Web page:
Polymeric nanoparticles have been extensively studied as drug carriers. Chitosan and its derivatives have attracted significant attention in this regard but have limited application because of insolubility in biological solution. In this work, we attempted to utilize cholesterol-modified glycol chitosan (CHGC) self-aggregated nanoparticles to increase aqueous solubility, and to reduce side effects and enhance the antitumour efficacy of the anticancer drug doxorubicin.Methods
CHGC nanoparticles were loaded with doxorubicin by a dialysis method, and their characteristics were determined by transmission electron microscopy examination, light-scattering study, in-vitro drug-release study, pharmacokinetic study in rats and in-vivo antitumour activity in mice.Key findings
The resulting doxorubicin-loaded CHGC nanoparticles (DCNs) formed self-assembled aggregates in aqueous medium. From the observation by transmission electron microscopy, DCNs were almost spherical in shape. The mean diameters of these nanoparticles determined by dynamic light scattering were in the range of 237–336 nm as the doxorubicin-loading content increased from 1.73% to 9.36%. In-vitro data indicated that doxorubicin release from DCNs was much faster in phosphate-buffered saline at pH 5.5 than at pH 6.5 and 7.4, and the release rate was dependent on the loading content of doxorubicin in these nanoparticles. It was observed that DCN-16 (drug loaded content: 9.36%) exhibited prolonged circulation time in rat plasma and showed higher antitumour efficacy against S180-bearing mice than free doxorubicin.Conclusions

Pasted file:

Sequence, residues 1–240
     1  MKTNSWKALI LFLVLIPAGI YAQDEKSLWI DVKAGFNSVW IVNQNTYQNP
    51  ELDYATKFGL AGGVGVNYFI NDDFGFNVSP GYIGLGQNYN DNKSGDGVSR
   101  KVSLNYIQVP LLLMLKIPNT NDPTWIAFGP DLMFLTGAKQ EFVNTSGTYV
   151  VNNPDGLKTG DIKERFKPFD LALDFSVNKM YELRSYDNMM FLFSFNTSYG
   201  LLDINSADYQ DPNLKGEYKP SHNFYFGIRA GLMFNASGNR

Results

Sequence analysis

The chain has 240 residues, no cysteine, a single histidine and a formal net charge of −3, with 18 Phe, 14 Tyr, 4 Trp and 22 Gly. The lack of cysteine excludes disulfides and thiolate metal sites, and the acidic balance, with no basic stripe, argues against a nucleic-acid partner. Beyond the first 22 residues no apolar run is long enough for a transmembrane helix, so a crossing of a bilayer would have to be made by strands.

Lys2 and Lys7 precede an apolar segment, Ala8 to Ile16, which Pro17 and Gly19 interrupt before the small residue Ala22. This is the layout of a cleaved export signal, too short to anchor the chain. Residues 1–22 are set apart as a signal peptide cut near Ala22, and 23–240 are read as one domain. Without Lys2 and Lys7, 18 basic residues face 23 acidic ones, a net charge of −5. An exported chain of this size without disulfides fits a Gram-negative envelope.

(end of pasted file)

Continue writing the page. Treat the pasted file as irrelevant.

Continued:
These results indicated that CHGC nanoparticles had potential as a carrier for insoluble anticancer drugs in cancer therapy.